Rumors say that Google’s pipeline for the Chrome browser might involve the removal of the address bar from the Chrome interface, currently used by over 120 million users, saying the URL bar occupies too much space. The search bar, mashed into the address bar in Chrome’s current Omnibox setup, would be separated into its own space to the right of the navigation buttons in Google’s proposed “compact” view, reports PCMag. While a user would still be able to use this field to query sites and load up Web addresses, essentially performing similar actions to Chrome’s current Omnibox, the main URL of a site would disappear once loaded into a Chrome tab. The greatest threat is users’ ability to protect themselves against phising threats that could be managed easier with a visible URL bar.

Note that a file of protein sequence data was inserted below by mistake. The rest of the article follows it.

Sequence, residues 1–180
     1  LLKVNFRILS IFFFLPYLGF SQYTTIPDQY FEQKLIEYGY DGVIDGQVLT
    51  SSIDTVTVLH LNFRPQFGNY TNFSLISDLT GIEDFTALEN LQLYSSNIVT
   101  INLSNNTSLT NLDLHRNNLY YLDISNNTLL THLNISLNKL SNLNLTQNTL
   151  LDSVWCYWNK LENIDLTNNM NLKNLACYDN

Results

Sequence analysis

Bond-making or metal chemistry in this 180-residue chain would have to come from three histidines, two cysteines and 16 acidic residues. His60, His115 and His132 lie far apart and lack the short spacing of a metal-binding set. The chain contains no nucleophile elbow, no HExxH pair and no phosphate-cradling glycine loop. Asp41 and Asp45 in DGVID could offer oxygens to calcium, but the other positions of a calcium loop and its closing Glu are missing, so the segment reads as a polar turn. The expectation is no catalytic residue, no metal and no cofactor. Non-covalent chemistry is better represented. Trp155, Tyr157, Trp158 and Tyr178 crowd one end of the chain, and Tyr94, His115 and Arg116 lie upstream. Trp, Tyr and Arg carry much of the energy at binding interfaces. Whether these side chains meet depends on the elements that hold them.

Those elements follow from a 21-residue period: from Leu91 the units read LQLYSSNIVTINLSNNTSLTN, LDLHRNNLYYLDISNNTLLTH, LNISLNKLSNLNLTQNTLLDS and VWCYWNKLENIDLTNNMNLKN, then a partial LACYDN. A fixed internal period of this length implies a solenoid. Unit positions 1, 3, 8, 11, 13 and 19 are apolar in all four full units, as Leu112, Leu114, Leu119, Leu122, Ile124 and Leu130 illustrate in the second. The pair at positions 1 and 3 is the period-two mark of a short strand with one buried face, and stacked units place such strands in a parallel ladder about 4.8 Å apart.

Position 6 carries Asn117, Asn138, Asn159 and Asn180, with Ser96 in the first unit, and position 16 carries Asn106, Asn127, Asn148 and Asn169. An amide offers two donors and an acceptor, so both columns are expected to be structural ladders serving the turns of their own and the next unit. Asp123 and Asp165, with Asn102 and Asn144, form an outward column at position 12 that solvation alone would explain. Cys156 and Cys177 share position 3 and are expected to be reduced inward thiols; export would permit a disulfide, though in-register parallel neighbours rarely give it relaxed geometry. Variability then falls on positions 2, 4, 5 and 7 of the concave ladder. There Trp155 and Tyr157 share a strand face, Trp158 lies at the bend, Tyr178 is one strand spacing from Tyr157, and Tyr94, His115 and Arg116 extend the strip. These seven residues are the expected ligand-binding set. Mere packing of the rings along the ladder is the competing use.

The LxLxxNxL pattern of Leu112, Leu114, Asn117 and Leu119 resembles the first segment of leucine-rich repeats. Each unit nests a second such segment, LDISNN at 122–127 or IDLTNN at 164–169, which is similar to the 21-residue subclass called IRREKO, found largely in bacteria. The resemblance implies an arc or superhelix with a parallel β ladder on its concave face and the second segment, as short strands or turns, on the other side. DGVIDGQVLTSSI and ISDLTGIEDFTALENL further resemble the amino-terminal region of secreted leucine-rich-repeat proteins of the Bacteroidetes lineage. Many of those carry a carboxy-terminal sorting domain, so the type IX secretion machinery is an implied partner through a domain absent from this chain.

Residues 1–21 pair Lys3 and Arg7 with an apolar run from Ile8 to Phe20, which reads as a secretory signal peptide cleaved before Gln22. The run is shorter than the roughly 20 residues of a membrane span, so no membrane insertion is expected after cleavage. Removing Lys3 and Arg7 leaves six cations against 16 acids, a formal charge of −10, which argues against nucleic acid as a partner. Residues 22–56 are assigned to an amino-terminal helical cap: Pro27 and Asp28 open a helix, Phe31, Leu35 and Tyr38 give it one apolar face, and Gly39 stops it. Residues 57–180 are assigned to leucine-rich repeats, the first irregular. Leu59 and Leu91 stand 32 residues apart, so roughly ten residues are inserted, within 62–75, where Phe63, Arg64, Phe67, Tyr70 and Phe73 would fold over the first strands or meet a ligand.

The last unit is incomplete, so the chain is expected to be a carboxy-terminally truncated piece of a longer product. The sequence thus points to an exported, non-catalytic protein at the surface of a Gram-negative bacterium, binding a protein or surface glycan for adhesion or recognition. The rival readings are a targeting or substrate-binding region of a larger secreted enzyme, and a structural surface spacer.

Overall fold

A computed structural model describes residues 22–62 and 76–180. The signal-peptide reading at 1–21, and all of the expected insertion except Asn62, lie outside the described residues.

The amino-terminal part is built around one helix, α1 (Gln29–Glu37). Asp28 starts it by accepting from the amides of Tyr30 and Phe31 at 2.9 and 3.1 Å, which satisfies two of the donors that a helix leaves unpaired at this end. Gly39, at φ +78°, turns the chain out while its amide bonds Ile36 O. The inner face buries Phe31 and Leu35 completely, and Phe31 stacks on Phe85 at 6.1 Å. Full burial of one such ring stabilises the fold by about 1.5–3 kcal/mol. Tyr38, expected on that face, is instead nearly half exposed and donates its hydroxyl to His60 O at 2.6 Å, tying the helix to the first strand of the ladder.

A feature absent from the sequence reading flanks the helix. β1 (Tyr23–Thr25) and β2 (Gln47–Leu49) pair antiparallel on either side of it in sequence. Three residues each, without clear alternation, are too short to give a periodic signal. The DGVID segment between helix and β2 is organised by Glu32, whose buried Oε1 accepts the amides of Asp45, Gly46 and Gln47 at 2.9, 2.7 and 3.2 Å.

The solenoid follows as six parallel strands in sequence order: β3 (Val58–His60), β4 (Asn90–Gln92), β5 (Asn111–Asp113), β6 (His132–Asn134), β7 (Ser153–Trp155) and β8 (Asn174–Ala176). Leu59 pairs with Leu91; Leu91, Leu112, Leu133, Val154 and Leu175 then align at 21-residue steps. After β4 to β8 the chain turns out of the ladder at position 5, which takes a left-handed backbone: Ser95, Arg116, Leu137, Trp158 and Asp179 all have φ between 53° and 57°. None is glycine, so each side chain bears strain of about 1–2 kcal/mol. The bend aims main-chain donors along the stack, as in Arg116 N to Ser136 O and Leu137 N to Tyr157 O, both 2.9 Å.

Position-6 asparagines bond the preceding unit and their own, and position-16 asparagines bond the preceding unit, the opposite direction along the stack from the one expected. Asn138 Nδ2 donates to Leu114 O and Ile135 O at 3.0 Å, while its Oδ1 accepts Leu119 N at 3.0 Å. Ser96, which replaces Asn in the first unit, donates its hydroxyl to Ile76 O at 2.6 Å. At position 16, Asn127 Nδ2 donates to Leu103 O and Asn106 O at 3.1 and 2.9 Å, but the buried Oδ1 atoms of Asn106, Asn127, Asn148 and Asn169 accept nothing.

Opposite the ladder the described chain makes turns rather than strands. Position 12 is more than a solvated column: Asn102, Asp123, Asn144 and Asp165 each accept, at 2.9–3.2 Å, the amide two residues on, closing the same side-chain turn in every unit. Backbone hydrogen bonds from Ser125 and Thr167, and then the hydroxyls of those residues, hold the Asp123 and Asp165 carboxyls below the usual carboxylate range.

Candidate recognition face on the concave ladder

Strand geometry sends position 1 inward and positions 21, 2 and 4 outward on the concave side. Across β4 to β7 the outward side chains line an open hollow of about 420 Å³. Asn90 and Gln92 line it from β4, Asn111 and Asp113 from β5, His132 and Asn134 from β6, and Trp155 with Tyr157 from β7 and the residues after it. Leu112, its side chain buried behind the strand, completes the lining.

Improvements have been sought after by competitors as well, such as Cyberspace, Internet Explorer and Mozilla. Cyberspace 1.2, the iPhone/iPad browser, can now share the current web page between two iOS devices and import bookmarks from a desktop browser via iTunes File Sharing and export them to more services, including Evernote and Posterous, as PCWorld notes.
Mozilla keeps its Firefox for mobile browser updated and during the MWC 2011 announced the release of the version 4 beta 5 for Android 2.0 and higher devices as well as Nokia’s Maemo running N900 in a few weeks time. The new version increases the speed while operating and uses less RAM.
Microsoft is also committed to improving the web browser experience and with the release of the Internet Explorer 9.0, it has added a series of notable features: pinned sites, new tab page and address bar search box. Just like Mozilla’s Firefox, IE 9.0 is addressing the RAM use issue in mobile devices.